I’ve started working on my fantasy WIP, ELEMENTAL, again. It’s the one I started a while back, and found myself writing not only from two viewpoints, first person and third person, but, somewhat to my horror, in two different tenses, too.
I had put the five scenes I’d written on the backburner, because in my worry about the two different tenses, I felt so much resistance to working on the story anymore.
But last week, I decided to send the scenes to my friend Jules. Jules is a writer and a reader, too; she reads voraciously, and has the same eclectic taste in fiction that I have. She had also recently read a book which had a narrative structure very similar to the one I’ve been playing with – the novel used both first person, present tense and third person, past tense – and she found the narrative structure very uncomfortable to read.
Which made her an ideal reader for the scenes I’d written. So I sent the pages off to her and waited for her critique.
In the meantime, I also had lunch with my daughter, Hayley. Hayley is not much of a reader, which I find somewhat astonishing as she’s a very good writer. I mentioned my WIP to her, she was interested, and I decided to give her my five scenes to read, too.
The results? Jules found the scenes worked well; the switches between the two very different viewpoints worked for her. She didn’t find them jarring the way she’d found the novel she’d read a while back to be jarring.
And Hayley read through my scenes in her thorough, methodical way, and when I asked her about the switch in viewpoint and tense, she said she hadn’t noticed.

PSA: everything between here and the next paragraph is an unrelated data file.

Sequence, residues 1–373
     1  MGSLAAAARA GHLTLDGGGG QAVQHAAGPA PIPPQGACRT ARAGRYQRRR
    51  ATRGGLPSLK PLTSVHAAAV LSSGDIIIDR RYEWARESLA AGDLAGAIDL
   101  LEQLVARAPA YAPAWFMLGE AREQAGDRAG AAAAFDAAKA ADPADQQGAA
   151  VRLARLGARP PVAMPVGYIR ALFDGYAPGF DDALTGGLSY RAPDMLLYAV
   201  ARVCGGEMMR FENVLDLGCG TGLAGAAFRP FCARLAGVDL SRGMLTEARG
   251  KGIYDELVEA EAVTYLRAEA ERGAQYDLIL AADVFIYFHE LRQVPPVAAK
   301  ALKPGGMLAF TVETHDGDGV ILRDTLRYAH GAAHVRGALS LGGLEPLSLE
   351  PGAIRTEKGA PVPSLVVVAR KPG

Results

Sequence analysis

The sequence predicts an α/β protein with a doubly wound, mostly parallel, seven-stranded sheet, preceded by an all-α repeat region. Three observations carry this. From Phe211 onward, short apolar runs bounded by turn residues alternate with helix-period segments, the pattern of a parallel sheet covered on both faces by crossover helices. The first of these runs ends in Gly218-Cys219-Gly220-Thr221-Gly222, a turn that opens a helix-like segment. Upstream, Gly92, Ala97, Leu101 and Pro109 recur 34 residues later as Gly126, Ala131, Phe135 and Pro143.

Both of them were eager to read more, find out where all my little plot points would take the characters.
Validation! Now that I know the narrative structure isn’t a problem, at least not for two very different readers, my resistance to tackling this WIP has lifted. I tell you, it’s hard to write when in the back of your mind you’re thinking, “yes, but I’ll probably have to rewrite this in a totally different tense sometime down the road.”
So yes, I needed this information, this acceptance.
And ever since then, I’ve been inundated with plot lines. It’s all boiling together in a really epic way, and while I have no clue how all the twists will come together in the end, I want to find out what happens.
Every quiet moment I have, my storylines pop into my head and I learn even more.
It’s the best situation to be in, from a writing perspective.
Which brings me to my sort of goal. The fact is, I’m getting really tired of always being in the same position writing-wise. I’m tired of always wanting to write, but never having written. Of dreaming of writing, but never seriously doing it.
The first draft of NANTUCKET is still sitting there, waiting for me to work on it. And now ELEMENTAL is seriously calling to me, too. It feels like I’ve been in this situation forever, almost.
And so I’ve decided that I will just plunge in and get going. According to a friend of mine who does Chinese face reading and astrology, this year is my year for accomplishing the stuff I want to do. It’s my stellar year – and it ends this coming February, when I’m in for a year of relaxation, ease and delight.
I’m also knee deep in my busy period work-wise; ironically, it’s always when I’m most busy that I get my most serious urges to sit down and write. So I’m going to do that, make the writing a priority and make full use of all this writing energy that deadlines always provoke in me.
By the end of this year? I would love to have the first draft of this current WIP finished and yes, Nantucket finalized and ready to send forth into queryland. That’s my sort-of goal.